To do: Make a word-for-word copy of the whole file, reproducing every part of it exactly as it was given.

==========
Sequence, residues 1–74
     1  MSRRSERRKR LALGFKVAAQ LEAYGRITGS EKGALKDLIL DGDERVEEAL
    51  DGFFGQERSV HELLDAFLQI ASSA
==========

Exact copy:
Sequence, residues 1–74
     1  MSRRSERRKR LALGFKVAAQ LEAYGRITGS EKGALKDLIL DGDERVEEAL
    51  DGFFGQERSV HELLDAFLQI ASSA